ERCC1 and TOP I quantitative PCR. RNA isolation was performed from the formalin-fixed paraffin-embedded broncho-scopic lung biopsies. Ten (5 µm) sections from each endobroncho-scopic specimen block were placed into a microcentrifuge tubes. One additional 4-µm section was stained with hematoxylin and eosin (H&E). Paraffin was removed by xylene extraction, and RNA was isolated using a commercially available kit:


Epicentre Technologies Inc. (Madison, WI), MasterPure RNA Purification kit according to the manufacturer's instructions. Total RNA was measured spectrophotometrically, measure-ments were performed in UltraPure destillated water DNAse, RNAse free (Gibco, Invitrogen). Reverse transcription of RNA derived from FFPE material was performed from 250 ng of total RNA of each case and 125 U Multiscribe reverse transcrip-tase (High-Capacity cDNA Archive Kit, Applied Biosystems, Foster City, CA, USA). Random primers were used to primer cDNA synthesis. Relative cDNA quantitation for both ERCC1 and TOPO 1 against the reference gene (β-actin) was done using a fluorescence-based real-time detection method [ABI PRISM 7900 Sequence Detection System (TaqMan); Applied Biosystems]. We profiled expression of the three genes ERCC1 (Hs Hs01012158_m1 assay), TOP I (Hs01052825_m1) and the internal reference ACTH (Hs99999903m1 assay) (in triplicates). These TaqMan primers and probes are designed to produce amplicons of around 100 nucleotides. ERCC1 and TOP I Gene expression levels are expressed as ratios (differences between the Ct values) between two absolute measurements (genes of interest/internal reference gene).

Statistical analysis. Overall survival (OS) and progression-free survival (PFS) was calculated using the Kaplan-Meier method. The differences between the survival curves were tested by using the log-rank test.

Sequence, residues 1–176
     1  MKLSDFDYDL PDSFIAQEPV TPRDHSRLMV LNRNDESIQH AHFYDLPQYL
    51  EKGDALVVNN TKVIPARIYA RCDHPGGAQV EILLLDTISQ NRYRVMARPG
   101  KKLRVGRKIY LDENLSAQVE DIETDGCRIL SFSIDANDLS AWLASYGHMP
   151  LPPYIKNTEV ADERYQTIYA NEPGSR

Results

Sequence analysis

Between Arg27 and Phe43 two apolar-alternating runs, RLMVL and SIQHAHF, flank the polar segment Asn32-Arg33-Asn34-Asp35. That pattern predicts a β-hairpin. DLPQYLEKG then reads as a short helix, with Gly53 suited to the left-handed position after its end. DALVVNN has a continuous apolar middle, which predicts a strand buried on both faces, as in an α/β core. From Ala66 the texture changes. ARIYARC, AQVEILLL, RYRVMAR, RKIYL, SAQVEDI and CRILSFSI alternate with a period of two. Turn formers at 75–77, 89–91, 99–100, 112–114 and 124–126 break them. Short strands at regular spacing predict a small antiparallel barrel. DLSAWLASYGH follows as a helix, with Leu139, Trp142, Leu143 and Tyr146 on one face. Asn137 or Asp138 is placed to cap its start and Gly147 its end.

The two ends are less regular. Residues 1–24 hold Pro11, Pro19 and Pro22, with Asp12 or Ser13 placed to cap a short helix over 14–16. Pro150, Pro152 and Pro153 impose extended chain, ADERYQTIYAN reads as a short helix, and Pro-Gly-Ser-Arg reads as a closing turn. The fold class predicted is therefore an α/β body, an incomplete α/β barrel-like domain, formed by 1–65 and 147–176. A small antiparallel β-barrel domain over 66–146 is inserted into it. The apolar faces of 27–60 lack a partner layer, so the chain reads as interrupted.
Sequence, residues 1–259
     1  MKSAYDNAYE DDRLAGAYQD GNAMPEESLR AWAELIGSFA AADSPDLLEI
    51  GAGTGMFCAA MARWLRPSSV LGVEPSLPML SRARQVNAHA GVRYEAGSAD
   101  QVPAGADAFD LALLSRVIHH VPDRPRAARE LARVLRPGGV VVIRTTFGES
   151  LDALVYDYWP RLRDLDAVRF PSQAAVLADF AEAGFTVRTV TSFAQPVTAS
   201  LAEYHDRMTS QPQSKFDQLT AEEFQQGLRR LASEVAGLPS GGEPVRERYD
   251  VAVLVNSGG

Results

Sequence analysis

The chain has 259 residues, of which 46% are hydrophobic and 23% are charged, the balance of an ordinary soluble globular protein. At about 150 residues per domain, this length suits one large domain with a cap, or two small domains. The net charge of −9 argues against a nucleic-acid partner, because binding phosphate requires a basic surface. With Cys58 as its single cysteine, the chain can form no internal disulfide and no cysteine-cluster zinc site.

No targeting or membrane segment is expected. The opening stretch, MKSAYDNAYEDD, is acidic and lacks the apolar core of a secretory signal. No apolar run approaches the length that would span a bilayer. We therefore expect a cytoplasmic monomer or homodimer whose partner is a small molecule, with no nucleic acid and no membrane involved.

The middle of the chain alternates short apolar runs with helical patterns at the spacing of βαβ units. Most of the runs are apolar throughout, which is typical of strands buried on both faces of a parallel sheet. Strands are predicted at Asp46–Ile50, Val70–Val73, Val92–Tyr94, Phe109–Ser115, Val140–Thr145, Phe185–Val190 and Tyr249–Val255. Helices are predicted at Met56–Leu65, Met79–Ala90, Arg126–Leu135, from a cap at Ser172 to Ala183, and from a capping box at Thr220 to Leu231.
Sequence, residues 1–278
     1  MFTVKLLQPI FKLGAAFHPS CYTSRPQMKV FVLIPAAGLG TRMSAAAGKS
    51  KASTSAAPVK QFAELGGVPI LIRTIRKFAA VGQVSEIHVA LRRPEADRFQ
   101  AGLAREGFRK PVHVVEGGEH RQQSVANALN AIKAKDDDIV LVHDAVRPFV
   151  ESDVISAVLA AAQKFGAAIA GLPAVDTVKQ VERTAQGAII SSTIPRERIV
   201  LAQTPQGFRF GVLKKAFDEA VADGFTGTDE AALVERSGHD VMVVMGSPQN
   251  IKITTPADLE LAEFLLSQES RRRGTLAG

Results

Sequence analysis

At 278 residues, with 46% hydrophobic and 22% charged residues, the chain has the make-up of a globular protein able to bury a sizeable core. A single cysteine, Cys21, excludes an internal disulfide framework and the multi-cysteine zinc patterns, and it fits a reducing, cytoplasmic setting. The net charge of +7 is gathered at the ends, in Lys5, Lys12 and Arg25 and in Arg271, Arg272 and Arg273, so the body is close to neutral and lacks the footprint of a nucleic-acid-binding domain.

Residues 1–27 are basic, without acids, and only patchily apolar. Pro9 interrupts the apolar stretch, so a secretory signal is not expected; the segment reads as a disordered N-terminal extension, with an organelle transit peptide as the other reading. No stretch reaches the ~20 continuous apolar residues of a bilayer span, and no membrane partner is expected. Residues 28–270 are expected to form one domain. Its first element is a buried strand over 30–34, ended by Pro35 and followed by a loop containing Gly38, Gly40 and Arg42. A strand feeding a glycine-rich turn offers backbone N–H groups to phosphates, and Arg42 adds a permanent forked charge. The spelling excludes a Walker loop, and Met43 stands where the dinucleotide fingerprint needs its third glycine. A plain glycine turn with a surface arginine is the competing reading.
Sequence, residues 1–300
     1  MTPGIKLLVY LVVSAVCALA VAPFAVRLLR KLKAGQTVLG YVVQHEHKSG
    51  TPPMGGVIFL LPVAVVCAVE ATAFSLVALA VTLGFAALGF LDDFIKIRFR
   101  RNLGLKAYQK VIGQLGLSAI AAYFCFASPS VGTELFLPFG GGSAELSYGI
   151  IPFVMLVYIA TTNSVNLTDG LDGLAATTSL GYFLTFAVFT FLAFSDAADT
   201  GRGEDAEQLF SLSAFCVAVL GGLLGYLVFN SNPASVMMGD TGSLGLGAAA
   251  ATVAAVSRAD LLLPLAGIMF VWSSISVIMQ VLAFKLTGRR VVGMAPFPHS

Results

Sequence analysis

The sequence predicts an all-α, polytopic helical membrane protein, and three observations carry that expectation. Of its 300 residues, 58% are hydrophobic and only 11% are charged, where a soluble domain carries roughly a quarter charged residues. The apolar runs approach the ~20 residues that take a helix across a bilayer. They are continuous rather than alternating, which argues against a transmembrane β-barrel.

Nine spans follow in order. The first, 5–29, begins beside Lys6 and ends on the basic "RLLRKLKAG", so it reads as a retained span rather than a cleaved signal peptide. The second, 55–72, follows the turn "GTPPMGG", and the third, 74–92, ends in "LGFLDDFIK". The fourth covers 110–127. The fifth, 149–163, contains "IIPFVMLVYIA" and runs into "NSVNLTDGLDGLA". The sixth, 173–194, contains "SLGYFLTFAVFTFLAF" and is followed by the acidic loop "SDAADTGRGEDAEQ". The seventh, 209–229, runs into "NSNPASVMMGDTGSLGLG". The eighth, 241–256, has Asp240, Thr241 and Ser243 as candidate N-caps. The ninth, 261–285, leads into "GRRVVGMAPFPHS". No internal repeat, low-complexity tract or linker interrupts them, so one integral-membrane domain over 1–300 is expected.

The Cox proportional-hazards regression model was used to determine the joint effects of several variables on survival. A comparison of clinico-pathological characteristics was evaluated with Fisher's exact test. Cox's proportional hazards multivariate analysis was used to evaluate which of the significant factors at the univariate analysis had a significant influence on survival. Statistical significance was set at p=0.05. All analyses were performed with SPSS for Windows 13.0 software.


Patient characteristics. The clinico-pathological characteristics of the 76 patients are listed in Table I. Of the patients 49 (65%) had an ED whereas 27 (35%) had LD. All received chemo-therapy based on PE with concurrent radiation in LD. Among the 76 patients selected, 43 (51.3%) were considered platinum responders and 33 (48.7%) platinum resistant, according to the definition previously given.

ERCC1 expression and cisplatin response. Positive immuno-expression of ERCC1 was observed in 29 (52%) whereas in 24 patients the ERCC1 immunostaining was negative (45.3%) (positive immunostaining of ERCC1; Fig. 1). Twenty-six cases could not be evaluated for the immunohistochemistry and PCR analysis. A significant association was found between negative immunohistochemistry expression of ERCC1 and the platinum response (7 patients in the cisplatin-resistant group showed negative staining vs 31 patients in the cisplatin responders group, 12.5 vs 87.5 % respectively, p=0.001) (Fig. 2).

The analysis of ERCC1 mRNA by qPCR showed low ERCC1 expression in 24 cases (50%) and 17 cases showed a high ERCC1 expression. Among low expression cases, there were 27 patients considered cisplatin responders (70.8%). In contrast, among the 30 non-cisplatin responder patients, 10 patients (41%) had high ERCC1 expression. There was a correlation between low expression of ERCC1 and cisplatin response that did not reach statistical significance (p=0.54) (data not shown).